Asparagus contains the compound mercaptan. These smelly sulfide compound is what makes urine have such a pungent odor after eating asparagus. It can also get into the blood and be released through the mouth, skin and sweat.

Egg Yolk

Another great food that contains large amounts of sulfide compounds. Starting to notice a trend here? In fact, many protein rich foods are notorious for causing malodor. This is evident in low carb dieters who tend to increase protein consumption in place of carbohydrates and vegetables.

What is the Best Natural Deodorant

In recent times, there has been a much greater emphasis placed on health and being more proactive when it comes to health awareness. One of those areas has been in the deodorant market. There has been much made of late of potential health effects from prolonged use of deodorants that contain aluminum, parabens, silica and other artificial chemicals. A direct correlation is not fully understood, but what is known is that the need for a more natural deodorant has increased over the last few years.

One alternative that has come to the forefront has been chlorophyllin based products designed to specifically target odor. Chlorophyllin works by absorbing odor compounds that cause malodor in the body before they are released through the skin and mouth. It attacks odor directly at the source and neutralizes it before they can offend the nose.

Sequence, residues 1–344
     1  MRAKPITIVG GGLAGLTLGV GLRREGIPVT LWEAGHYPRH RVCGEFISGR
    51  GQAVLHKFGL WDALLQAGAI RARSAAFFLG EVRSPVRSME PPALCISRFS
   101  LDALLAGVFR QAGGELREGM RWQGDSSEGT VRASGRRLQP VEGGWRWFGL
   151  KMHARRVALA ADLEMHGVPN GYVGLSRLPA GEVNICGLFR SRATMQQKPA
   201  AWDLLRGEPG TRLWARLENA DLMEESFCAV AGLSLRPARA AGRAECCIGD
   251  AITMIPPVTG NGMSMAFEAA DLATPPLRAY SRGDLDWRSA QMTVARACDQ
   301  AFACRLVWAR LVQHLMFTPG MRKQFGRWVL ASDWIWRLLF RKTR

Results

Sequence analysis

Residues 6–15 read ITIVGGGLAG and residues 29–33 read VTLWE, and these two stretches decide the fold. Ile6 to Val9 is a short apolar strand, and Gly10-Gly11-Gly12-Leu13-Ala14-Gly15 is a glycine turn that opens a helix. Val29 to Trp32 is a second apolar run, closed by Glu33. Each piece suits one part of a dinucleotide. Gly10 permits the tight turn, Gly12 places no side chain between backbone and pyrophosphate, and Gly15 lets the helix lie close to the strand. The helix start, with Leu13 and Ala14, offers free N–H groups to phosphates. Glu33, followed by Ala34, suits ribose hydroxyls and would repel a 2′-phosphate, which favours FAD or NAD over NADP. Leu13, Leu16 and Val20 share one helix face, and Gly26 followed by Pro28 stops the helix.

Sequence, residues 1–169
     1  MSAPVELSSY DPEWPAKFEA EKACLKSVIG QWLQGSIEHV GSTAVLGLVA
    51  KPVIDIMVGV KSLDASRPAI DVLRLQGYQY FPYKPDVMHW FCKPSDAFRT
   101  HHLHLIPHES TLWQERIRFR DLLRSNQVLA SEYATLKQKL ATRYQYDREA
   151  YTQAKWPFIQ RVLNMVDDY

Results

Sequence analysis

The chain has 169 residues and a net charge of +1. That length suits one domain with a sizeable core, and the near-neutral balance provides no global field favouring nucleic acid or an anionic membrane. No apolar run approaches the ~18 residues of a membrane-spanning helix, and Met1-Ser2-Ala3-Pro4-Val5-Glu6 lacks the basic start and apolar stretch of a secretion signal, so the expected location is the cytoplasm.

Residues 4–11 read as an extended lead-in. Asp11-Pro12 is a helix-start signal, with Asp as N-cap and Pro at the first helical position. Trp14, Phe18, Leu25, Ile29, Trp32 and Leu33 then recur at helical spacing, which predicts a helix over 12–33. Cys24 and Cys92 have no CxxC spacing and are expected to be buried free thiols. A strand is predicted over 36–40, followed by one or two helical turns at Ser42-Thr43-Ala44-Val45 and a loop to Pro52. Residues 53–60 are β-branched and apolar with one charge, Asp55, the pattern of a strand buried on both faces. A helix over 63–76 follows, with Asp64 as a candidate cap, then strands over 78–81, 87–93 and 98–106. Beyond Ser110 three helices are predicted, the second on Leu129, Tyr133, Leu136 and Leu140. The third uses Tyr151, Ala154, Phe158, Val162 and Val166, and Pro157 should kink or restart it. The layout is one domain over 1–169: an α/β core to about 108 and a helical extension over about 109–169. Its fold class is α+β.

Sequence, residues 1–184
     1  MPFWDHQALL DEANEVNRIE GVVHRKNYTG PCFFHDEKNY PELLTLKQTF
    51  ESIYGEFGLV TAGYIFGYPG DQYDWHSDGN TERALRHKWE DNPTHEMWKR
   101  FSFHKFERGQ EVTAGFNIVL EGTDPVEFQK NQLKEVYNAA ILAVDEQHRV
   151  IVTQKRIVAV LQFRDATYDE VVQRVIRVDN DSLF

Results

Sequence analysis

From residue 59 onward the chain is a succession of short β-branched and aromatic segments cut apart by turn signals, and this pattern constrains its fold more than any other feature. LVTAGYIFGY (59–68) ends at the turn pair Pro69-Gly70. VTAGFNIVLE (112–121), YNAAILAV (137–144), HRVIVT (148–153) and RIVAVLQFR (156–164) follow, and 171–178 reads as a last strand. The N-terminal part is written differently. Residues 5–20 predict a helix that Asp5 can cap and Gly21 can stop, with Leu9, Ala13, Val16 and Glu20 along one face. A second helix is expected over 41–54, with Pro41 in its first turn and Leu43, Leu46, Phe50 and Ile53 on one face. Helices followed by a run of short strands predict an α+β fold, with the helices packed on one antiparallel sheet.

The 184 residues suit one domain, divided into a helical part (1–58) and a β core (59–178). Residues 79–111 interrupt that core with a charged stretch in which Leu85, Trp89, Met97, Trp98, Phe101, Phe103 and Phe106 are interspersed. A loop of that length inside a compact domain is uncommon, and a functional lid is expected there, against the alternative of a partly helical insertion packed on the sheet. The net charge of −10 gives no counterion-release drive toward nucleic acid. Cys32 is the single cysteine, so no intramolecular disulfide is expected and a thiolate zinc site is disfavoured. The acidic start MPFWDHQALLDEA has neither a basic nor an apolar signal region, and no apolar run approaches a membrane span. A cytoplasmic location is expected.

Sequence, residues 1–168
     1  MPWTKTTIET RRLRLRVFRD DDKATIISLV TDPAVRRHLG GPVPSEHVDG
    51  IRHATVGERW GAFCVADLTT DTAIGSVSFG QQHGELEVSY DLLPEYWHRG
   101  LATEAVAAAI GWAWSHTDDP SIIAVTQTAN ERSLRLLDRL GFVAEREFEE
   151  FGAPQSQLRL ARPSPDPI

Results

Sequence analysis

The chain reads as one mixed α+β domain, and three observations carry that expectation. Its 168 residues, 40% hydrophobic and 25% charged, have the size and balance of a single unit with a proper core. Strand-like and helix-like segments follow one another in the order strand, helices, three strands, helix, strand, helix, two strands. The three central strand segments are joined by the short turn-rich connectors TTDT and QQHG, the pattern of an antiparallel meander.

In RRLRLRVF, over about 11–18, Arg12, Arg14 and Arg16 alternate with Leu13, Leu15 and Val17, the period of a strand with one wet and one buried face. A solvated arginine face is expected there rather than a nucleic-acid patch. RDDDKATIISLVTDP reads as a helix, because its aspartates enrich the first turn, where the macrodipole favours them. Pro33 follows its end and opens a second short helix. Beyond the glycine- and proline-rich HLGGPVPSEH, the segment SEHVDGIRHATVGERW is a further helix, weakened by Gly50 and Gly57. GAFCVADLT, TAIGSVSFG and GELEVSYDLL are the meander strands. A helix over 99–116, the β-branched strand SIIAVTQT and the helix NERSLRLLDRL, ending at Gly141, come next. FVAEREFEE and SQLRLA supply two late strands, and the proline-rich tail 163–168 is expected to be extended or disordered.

Chlorophyll is naturally produced by green plants. Very little is required to make it useable for humans and no artificial ingredients are needed or added to make it an effective deodorant.

It's use for fighting odor is not a new concept. In fact, it's been used for many decades as a way to control odors from open wounds and fecal odor from colonoscopy patients in hospitals. This led to chorophyllin being commercialized for the masses, but received little reception at the time. The reason for this is that studies concluded that about 200mg of chlorophyllin are needed to effectively reduce odor. Products at the time fell far below those standards.

However, as dietary supplements became more readily available, so too was chlorophyllin in this capacity. Currently, there are a number of chlorophyllin supplements. Of them, the most popular is Body Mint which comes in 100mg tablets.

Topic : Health
Genre : Blog